In theory, the proposed merger between BAE Systems and EADS, the European aviation manufacturer, makes sound commercial sense.
In reality, the deal would require such a delicate balancing act between competing interests that, without cast-iron agreements over governance, it has the potential for disaster.
The chief advantage of the £28 billion pound deal is economic. Combining the defence expertise of BAE with the world's largest civilian aircraft manufacturer would create economies of scale that would provide a competitive edge at a time when defence contracts are shrinking both across Europe and in the US. Both businesses would also be bolstered by the tendency of the demand cycles for civilian and military aviation to balance one another.
The main stumbling block is political, with increasing concern over Britain's ability to safeguard defence security and jobs. The French government currently holds a 15% stake in EADS. This would be diluted to 9% of the merged company but while the UK wants that to reduce over time, France wants to increase it to 13.5% and Germany, with no direct stake at present, wants to match the French bid. If that were to happen, the UK would have sold its biggest defence business to a company that was 27% owned by foreign governments. The British Government's golden share in BAE has only a symbolic value of £1 but it prevents non-UK sharholders from owning more than 15% of the business. It would be transferred to the new company but would lack the clout of the French and German shareholdings. As Alistair Darling, the former Chancellor, said, this risks the UK being taken to the cleaners, not only in regard to defence but in safeguarding jobs, with industrial shareholders in France and Germany able to exert considerable influence.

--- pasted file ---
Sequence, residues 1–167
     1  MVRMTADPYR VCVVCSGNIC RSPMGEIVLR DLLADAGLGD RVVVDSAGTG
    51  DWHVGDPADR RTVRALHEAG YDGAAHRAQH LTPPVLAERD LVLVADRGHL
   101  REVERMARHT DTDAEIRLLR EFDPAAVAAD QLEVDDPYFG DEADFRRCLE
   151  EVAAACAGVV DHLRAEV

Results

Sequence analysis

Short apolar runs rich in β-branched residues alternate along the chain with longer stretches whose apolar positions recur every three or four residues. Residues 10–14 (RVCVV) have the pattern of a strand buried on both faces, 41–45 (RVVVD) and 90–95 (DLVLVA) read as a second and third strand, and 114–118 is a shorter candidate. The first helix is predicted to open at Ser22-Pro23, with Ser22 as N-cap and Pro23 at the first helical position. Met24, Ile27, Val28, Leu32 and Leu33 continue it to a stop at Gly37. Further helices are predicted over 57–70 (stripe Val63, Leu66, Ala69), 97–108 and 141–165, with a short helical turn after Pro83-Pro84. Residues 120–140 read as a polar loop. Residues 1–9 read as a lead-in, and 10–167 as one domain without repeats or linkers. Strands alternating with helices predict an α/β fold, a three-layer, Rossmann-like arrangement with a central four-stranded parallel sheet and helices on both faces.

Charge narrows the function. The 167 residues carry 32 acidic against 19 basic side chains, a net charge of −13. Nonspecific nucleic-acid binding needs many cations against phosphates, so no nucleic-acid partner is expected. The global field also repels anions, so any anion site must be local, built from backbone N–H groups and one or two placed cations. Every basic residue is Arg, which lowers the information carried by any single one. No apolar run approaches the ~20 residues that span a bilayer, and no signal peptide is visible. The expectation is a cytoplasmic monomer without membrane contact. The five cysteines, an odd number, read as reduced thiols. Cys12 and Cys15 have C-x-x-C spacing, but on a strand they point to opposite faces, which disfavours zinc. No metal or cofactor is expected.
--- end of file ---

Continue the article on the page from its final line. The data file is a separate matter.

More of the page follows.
The Defence Secretary Philip Hammond's meeting with his French and German counterparts yesterday was on the eve of the deadline for a request to extend negotiations. For a government which had appeared supportive of the merger, this was hopelessly late. Mr Hammond was able to announce clear understanding of the red lines of the governments involved. This was progress but his own lines should have been drawn more firmly at a much earlier stage of the negotiations.
The merger could help BAE Systems to adapt to the slump in demand for defence and aerospace manufacture. The UK defence budget accounts for a quarter of its business outside the US but, as the cancellation of aircraft carriers shows, order books are shrinking and jobs are at risk, not least in Scotland.
Although the American defence budget is due to be cut by £300bn over the next 10 years, it will remain a major part of BAE's business and entree to US defence contracts is a key attraction for EADS. The worry for British shareholders is that creating a giant European company will damage prospects in the US. BAE currently has a stake in building the Lockheed Martin F-35 Lightning II Joint Strike Fighter, the most advanced manned combat plane. But continued sharing of such highly sensitive technologies cannot be taken for granted.
This is a merger with consequences far beyond the commercial ambitions of two significant companies. It would be a wise move to extend this afternoon's deadline for further negotiation.
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